Speaking of really excellent shows that are unfortunately tainted with really icky racial issues! I just finished the first three seasons of Breaking Bad and am so far loving it. Well, loving it with a lot of caveats, that is. I admit, the first season is pretty hard to get through. For nearly the entirety of the first season Walt's descent into methland is portrayed as such a blatant White Man Power Fantasy: Walter is inexplicably so much better at making meth than all of his (uneducated and/or brown-skinned) competitors! His meth is so pure and perfect that the unwashed masses fall all over themselves to obtain it! He stands up to jerkfaces! He gets revenge on everyone who looked down on him! He's suddenly really good at satisfying his wife in bed! He's so much smarter and so much more badass than the scary brown Mexican thugs! He even out-smarts and out-badasses the scary brown Mexican thugs until they do exactly what he wants them to do! Both in the very beginning of the season and at the end! So yyyyyeaaaaaaah, great writing and Bryan Cranston aside, I was ready to give up on the show by the time I got to the final episode of the first season. But then. BUT THEN. But then I started watching the second season. And that's where things really start to fall apart; that's where the real subversion of the first season's White Man Power Fantasy really begins. And wow, the second and third seasons just take everything that the first season built up and brutally rip it down to shreds. To be fair, I still think that the show has some pretty severe racial issues. The third season especially is full of way too many "scary brown-skinned Mexicans are scary" moments that can't be mitigated merely by the fact that characters like Gus and Gomez are also part of the show. (The Cousins, man. They don't look or act human. They're just meant to be fucking terrifying walking plot devices.) But the show also does so much so right. Fucking fantastic writing, great acting, great casting (they actually cast an actor with cerebral palsy to play the character with cerebral palsy! And he's written as a real person whose character isn't reduced to merely having a disability!), and a great lead character. I'm especially in love with the way that the show mercilessly deconstructs Walter's character. Hell, even his need to provide for his family, his last remaining sympathetic trait, is repeatedly revealed to be just another manifestation of his narcissism. So now I'm about to head into season 4, and I'm really looking forward to seeing how all of this is going to end.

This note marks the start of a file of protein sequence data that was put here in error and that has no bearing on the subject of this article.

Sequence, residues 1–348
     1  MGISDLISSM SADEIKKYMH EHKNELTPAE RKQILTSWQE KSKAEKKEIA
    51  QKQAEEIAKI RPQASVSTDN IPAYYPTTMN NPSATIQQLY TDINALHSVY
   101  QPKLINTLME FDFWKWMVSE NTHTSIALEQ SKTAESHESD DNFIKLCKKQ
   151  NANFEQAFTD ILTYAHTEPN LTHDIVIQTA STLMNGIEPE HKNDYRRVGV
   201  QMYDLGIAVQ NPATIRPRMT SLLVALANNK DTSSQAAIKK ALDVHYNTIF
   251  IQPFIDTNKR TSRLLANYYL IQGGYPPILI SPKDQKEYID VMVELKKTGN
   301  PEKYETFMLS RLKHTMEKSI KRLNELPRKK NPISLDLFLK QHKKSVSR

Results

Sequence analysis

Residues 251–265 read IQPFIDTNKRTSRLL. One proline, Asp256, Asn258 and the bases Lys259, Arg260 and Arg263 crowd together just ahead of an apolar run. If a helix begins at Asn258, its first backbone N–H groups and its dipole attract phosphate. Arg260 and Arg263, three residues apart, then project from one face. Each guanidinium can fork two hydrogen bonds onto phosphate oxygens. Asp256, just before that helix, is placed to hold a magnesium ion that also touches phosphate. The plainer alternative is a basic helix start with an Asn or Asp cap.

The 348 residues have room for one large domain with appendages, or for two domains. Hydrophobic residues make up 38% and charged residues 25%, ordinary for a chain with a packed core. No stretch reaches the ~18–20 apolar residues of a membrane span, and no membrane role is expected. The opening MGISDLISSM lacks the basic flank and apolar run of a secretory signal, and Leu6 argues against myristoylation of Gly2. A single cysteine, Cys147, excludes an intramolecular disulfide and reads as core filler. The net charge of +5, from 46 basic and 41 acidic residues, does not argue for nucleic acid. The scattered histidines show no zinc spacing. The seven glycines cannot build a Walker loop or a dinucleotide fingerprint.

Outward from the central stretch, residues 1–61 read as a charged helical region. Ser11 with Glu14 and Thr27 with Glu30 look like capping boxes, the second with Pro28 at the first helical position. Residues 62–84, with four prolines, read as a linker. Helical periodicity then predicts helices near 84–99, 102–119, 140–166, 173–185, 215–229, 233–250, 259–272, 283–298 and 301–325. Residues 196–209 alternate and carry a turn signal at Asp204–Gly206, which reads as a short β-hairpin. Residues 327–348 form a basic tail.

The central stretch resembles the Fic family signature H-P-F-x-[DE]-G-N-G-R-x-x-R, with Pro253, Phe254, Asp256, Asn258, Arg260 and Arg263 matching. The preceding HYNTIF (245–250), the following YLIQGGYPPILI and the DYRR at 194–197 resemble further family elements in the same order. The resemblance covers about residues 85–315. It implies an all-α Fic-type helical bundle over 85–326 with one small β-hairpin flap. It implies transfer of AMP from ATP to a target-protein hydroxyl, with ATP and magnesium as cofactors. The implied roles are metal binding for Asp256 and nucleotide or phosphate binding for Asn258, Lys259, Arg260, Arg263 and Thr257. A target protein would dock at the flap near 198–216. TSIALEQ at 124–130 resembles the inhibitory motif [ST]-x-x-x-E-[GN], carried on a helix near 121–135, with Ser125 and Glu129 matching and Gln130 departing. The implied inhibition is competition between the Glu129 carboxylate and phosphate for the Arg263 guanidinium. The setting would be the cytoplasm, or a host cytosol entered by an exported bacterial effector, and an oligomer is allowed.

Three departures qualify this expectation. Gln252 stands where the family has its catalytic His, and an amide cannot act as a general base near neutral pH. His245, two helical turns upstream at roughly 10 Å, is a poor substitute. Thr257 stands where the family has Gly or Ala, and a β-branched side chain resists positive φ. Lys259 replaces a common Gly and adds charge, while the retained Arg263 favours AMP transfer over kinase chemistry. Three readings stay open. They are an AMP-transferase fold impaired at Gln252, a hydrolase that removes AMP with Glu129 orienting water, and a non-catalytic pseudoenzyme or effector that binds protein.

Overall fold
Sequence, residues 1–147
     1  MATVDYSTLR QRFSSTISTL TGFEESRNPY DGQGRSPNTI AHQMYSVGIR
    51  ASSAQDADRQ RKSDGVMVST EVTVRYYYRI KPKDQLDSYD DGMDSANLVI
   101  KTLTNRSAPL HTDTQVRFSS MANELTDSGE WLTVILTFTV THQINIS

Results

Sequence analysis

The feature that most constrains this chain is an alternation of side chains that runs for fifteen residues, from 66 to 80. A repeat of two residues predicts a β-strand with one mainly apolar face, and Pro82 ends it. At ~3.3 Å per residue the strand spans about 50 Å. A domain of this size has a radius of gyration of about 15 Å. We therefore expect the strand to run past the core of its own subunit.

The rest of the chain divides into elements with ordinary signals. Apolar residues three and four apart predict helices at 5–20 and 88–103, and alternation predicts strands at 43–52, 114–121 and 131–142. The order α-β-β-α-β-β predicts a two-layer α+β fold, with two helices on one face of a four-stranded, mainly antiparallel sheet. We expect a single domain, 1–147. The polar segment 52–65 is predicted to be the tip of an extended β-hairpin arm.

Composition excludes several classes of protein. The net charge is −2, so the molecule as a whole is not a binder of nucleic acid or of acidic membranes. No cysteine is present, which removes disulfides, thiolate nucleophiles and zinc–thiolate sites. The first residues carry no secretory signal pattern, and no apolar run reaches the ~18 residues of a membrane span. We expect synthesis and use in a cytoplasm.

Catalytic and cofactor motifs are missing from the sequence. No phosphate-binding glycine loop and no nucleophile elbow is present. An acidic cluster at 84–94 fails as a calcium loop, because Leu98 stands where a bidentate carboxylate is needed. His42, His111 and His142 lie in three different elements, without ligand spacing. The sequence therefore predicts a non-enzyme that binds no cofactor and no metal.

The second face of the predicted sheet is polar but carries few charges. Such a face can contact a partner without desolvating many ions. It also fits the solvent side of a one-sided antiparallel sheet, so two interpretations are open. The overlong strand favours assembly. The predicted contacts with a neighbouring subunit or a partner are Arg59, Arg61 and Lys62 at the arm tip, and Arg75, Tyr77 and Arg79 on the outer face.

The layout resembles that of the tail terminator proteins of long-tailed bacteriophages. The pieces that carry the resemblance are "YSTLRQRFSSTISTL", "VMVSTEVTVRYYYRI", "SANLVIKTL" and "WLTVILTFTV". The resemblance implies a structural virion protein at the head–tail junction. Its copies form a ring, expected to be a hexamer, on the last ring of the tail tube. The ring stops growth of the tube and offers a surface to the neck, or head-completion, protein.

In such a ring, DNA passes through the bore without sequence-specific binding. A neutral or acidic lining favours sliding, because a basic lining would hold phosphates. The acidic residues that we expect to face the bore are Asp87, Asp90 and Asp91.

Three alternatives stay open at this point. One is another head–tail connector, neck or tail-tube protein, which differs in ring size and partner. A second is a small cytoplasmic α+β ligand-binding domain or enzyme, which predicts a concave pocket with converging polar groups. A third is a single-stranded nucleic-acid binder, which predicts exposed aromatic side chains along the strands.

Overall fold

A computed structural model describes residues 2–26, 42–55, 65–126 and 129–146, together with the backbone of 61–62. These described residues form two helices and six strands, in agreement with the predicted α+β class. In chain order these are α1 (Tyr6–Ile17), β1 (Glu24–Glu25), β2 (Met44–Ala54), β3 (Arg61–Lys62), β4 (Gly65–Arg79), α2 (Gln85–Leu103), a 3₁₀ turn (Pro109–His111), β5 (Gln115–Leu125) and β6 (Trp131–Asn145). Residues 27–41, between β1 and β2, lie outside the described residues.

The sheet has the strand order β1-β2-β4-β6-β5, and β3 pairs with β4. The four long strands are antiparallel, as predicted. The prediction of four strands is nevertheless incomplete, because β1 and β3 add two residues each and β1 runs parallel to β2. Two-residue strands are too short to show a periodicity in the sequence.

Mine Fujiko to Iu Onna